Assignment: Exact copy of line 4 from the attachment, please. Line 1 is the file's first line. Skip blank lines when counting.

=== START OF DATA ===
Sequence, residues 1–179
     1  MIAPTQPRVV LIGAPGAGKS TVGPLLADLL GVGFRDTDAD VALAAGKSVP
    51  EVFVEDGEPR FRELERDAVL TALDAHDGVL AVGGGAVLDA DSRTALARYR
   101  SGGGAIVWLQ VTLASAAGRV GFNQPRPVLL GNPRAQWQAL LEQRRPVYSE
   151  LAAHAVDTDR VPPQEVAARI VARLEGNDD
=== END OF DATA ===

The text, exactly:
   101  SGGGAIVWLQ VTLASAAGRV GFNQPRPVLL GNPRAQWQAL LEQRRPVYSE